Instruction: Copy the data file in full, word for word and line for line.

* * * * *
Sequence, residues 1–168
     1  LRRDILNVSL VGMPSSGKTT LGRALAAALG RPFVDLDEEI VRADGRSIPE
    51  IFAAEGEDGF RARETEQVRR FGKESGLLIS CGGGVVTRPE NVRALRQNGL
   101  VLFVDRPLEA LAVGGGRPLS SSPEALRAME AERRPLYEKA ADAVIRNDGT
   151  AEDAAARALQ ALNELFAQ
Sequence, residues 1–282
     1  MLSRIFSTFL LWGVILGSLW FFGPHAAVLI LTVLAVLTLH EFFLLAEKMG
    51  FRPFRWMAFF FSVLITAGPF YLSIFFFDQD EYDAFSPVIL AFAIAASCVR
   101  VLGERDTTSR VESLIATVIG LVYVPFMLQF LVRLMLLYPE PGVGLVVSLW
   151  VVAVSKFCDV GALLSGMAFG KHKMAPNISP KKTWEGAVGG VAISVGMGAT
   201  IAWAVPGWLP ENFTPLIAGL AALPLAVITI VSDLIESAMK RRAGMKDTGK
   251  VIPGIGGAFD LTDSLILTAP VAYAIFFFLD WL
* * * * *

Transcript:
Sequence, residues 1–168
     1  LRRDILNVSL VGMPSSGKTT LGRALAAALG RPFVDLDEEI VRADGRSIPE
    51  IFAAEGEDGF RARETEQVRR FGKESGLLIS CGGGVVTRPE NVRALRQNGL
   101  VLFVDRPLEA LAVGGGRPLS SSPEALRAME AERRPLYEKA ADAVIRNDGT
   151  AEDAAARALQ ALNELFAQ
Sequence, residues 1–282
     1  MLSRIFSTFL LWGVILGSLW FFGPHAAVLI LTVLAVLTLH EFFLLAEKMG
    51  FRPFRWMAFF FSVLITAGPF YLSIFFFDQD EYDAFSPVIL AFAIAASCVR
   101  VLGERDTTSR VESLIATVIG LVYVPFMLQF LVRLMLLYPE PGVGLVVSLW
   151  VVAVSKFCDV GALLSGMAFG KHKMAPNISP KKTWEGAVGG VAISVGMGAT
   201  IAWAVPGWLP ENFTPLIAGL AALPLAVITI VSDLIESAMK RRAGMKDTGK
   251  VIPGIGGAFD LTDSLILTAP VAYAIFFFLD WL